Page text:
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That is Assembly Station. I found that picture on Holder's website so I know its on there. It will be built at the corner of Assembly and Whaley across from Addam's Bookstore.

Thanks for that. The project is indeed on the Holder website, along with a very brief description--but no map, address, or mention of appoximate location (and no one had mentioned that here either.) What's there now? Is it vacant? I don't go down Assembly that way these days since my gym moved closer to my work. I must admit I don't miss the USC traffic and I especially don't miss those damn trains!

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It's amazing that the Palmetto Compress is almost complete considering it was nearly demolished. I wonder if the Mexican restaurant is Monterrey's? The location is not terribly far from their old spot

We should all team up on the Gervais and Assembly property owner(s).

That building has a lot of character, and I like that it is not being marketed to college students. I could see myself downsizing and living there one day. It will be in the vortex of a lot of energy

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So we've got two insurance software companies that are looking to locate in Innovista, but Craig Davis, the private developer behind the Horizon and Discovery blocks, is having trouble securing financing for the private buildings that will complement the publicly-funded ones (the ones that are nearing completion on each block).

The two new Columbia-based companies, EagleEye Analytics and Dovetail Insurance Corp., will develop insurance industry software. They were formed by Pequot Ventures, the New York-based, $2 billion venture capital firm, which wants to locate them in Innovista, Pequot partner and Columbia businessman Larry Wilson said. The companies would join Pequot

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  • 2 weeks later...

I knew you'd be happy about that...LOL.

I don't think the issue wasn't really whether or not Innovista was truly targeting hydrogen fuel cell companies, but what the strategy was--one or two big fishes vs. a couple of minnows. I think once a few more smaller companies like this one get on board, it will be a bit easier to land larger companies.

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Has anyone heard anything about the Hydrogen gas station we are required to have in order to hold the conference in December? I remember from a while back that is was supposed to be built somewhere near the Lady/Washington Street area, but haven't heard anything else about it. They only have 8/9 months, so I assume things must be nearing construction.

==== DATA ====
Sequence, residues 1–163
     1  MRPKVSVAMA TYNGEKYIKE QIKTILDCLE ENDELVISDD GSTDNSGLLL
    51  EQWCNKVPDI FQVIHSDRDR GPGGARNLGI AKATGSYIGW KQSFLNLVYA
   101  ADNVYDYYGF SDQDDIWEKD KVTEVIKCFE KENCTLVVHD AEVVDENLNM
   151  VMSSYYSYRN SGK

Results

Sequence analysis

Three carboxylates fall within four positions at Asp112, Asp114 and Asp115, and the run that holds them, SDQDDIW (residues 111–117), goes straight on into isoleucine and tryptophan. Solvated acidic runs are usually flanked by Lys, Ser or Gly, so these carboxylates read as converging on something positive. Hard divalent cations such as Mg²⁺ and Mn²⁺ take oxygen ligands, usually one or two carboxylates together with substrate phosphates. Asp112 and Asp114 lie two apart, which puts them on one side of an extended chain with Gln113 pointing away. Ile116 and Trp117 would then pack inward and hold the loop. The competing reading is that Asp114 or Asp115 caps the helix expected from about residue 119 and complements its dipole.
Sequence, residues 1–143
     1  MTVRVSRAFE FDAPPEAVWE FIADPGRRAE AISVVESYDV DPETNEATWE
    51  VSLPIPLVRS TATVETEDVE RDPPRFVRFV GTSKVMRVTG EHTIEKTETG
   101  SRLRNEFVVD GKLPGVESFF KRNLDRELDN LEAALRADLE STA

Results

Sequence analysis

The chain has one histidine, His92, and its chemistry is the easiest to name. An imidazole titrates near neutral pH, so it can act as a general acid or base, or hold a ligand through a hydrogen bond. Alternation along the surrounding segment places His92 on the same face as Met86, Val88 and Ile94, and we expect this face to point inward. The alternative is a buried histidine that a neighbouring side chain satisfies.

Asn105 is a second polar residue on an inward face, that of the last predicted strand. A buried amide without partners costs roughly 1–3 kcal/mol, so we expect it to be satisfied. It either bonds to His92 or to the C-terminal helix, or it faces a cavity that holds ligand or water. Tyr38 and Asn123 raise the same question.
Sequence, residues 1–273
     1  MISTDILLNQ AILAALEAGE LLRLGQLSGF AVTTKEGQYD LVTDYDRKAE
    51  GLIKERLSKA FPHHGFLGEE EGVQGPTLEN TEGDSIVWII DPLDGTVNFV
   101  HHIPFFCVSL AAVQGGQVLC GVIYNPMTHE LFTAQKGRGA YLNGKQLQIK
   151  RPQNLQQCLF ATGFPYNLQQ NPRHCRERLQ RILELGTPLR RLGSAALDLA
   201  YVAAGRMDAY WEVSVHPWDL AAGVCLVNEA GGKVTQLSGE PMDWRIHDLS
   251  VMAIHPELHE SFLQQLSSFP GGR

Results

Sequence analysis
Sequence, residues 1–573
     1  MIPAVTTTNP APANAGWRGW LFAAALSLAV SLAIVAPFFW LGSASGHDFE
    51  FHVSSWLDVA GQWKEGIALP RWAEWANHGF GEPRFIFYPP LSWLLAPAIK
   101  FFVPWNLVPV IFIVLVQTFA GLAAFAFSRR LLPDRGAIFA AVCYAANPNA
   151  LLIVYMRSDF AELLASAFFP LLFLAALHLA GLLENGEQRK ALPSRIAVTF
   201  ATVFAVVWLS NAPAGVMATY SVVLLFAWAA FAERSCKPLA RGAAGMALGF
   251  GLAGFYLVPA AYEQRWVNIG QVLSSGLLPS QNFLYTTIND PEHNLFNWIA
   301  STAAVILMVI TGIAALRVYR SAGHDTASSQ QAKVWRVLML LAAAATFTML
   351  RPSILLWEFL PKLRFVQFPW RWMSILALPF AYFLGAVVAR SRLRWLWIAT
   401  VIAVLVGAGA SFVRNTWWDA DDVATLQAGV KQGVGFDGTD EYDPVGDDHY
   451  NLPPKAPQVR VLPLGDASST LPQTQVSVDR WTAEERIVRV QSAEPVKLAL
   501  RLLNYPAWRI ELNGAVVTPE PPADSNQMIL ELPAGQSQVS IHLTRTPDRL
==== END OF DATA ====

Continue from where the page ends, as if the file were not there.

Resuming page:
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Another great aerial, IRR-SC. It definitely shows that shortage of land will not be a problem for Innovista in the future. However, at the present, it seems as though the present economic climate has presented some problems for Innovista's private partner, developer Craig Davis.

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Kevin Fisher at the Free Times can really irk me sometimes. As much as I think Coble isn't aggressive or visionary enough as mayor, he's sure a hell of a lot better than Fisher who only complains and does little in the way of presenting solutions.

His latest rant is in the current edition of the newspaper about the article The State published a few days ago (I posted the link in the previous thread) about some of the issues surrounding Innovista right now. It seemed as though he did very little research on this one. First he says. "While Innovista’s inability to take off as projected by USC has been common knowledge for some time among those involved in or following the project, until now the general public has been given little information about how badly things are going." He obviously missed the story in The State that was published on January 28 about the delay in getting the privately-funded buildings up.

Then he says, "In a nutshell, not much has happened with Innovista...The lone exception to that (and the only Innovista building that has made it from the drawing board to reality) is the Arnold School of Public Health." So I guess Duck Creek Technologies, Gecko Energy Technologies, Collexis, and the Loccioni Group--confirmed tenants for Innovista--are "nothing." And then there are the companies with strong interest that are just waiting for firm commitments about a building to locate in. Secondly, I guess he hasn't seen the Horizon I and Discovery I buildings and their attendant garages that have been built.